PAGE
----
The seeds of discontent are sown by unwitting executives who add the new staff position without any clear explanation of what will be expected in terms of coordination and cooperation between the new employee and the pre-existing volunteer leaders. In some cases the new in-house volunteer office is given no authority (or direction) to deal with the all-volunteer group. The two programs are left to their own devices to work out a relationship and bump against each other trying to co-exist. And if it’s an ex-volunteer association officer who is hired as the new employee, all sorts of additional friction emerges (especially if no additional training is offered to help the ex-volunteer learn the scope of the new role).
What are some of the consequences of not working together? Here are a few I’ve observed:
- The volunteer program manager is seen as competition, siphoning off younger, more diverse people from membership in the volunteer association. Of course, it is also felt that such “temporary” volunteers aren’t the sort of folks the association wants anyway!
- The volunteer association officer assumes a hierarchy in which s/he is on the top and views the volunteer program manager as administrative (largely clerical) staff. Because the volunteer program is structured so radically different from the volunteer association, the officer does not see ways the program manager might be a resource to the association.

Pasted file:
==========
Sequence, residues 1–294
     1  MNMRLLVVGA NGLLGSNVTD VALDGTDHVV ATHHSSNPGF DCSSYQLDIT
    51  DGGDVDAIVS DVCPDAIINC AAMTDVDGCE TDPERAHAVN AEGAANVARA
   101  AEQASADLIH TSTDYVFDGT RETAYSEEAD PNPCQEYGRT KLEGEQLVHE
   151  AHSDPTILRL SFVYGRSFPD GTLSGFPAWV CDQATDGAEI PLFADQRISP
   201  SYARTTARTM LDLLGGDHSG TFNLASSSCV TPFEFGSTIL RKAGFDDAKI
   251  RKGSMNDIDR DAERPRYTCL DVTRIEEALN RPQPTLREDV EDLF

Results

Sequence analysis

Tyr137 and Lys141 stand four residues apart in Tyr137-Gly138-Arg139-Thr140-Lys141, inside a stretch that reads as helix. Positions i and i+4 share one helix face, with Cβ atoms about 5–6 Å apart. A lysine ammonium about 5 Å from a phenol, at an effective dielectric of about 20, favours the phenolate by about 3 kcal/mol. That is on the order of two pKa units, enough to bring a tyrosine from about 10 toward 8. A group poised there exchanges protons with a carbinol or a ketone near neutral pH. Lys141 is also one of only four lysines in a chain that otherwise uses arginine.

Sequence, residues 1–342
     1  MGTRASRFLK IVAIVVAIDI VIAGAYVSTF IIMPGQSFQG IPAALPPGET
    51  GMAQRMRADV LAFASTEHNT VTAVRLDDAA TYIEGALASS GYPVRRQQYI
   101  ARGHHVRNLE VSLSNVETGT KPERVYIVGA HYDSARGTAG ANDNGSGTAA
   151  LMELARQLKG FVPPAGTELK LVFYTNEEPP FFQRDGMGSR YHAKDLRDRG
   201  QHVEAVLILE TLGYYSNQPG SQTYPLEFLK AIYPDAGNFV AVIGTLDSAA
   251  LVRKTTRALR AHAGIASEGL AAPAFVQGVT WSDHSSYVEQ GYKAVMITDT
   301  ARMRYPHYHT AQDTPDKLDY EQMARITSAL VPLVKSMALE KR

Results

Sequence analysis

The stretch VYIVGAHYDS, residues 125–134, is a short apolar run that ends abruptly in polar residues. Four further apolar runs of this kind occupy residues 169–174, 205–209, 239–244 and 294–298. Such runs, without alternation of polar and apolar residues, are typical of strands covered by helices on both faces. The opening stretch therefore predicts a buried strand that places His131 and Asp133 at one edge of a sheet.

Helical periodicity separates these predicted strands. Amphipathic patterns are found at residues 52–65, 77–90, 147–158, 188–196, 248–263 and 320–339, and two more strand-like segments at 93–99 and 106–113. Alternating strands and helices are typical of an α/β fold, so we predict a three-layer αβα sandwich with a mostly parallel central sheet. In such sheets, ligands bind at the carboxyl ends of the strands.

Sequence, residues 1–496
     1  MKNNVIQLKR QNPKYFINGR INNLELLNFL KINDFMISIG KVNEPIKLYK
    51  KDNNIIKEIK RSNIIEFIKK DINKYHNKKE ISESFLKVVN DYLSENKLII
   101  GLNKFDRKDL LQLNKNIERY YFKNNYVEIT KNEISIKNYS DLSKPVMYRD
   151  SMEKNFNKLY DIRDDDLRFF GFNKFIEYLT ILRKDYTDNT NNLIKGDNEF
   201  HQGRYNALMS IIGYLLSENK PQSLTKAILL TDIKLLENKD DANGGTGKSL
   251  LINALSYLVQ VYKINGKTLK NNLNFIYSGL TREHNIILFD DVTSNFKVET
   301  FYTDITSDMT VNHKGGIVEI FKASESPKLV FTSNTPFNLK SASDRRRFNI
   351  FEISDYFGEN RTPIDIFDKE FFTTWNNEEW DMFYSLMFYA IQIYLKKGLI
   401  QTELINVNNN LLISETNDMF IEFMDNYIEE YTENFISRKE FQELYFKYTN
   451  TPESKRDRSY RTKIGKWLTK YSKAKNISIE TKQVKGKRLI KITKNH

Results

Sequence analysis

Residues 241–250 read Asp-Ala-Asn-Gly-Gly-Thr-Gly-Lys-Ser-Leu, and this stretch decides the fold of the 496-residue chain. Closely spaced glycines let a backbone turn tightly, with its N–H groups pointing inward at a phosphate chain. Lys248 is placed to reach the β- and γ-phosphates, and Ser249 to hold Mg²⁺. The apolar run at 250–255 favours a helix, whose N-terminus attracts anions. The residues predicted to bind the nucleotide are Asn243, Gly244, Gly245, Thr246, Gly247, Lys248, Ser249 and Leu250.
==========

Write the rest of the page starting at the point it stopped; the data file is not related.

- The volunteer program manager assumes a hierarchy in which s/he is on the top and views the volunteer association as an irrelevant (or irritating) appendage. Because the volunteer program is structured so radically different from the volunteer association, the program manager does not see ways the volunteer association officer might be a resource to the in-house program.
- The division between what are essentially all institution supporters confuses the community. Debate ensues over whether or not all “volunteers” should be required to “join” the all-volunteer association or be automatically considered members.
I’m sure you can describe other scenarios – and hope you’ll share your experiences by posting a response.
What Can We Do?
Very few forums have been able (or even try) to address the needs of both “halves” of our world. Officers of all-volunteer groups rarely join local associations of directors of volunteers. Volunteerism books tend to take one or the other perspective. Once in a while an article from the “other side” turns up in a journal and occasionally a conference workshop presentation is offered that hints at the broader picture. There are practical reasons for this lack of connection, including how hard it is to find and market to volunteers who rotate out of office regularly, have other priorities in their lives – including other careers - beyond their volunteer leadership identity, and whose availability to network is predominantly evenings and weekends – the opposite of the schedule preferred by full-time volunteer program managers.
But I am convinced that we must make the effort. What we share in common is more critical than what separates us. We are all devoted to the success of our causes and we all know a lot about leadership styles. It drains time and energy to be fighting each other, especially as we would be so much stronger together. I have been tilting at this windmill for a long time and still haven’t found the key, even in terms of how to make this website truly useful to every leader of volunteers, paid or not.
How have you educated yourself about “the other side”? What resources would you like to see to help collaboration? What has worked in your organization to connect paid and volunteer leadership?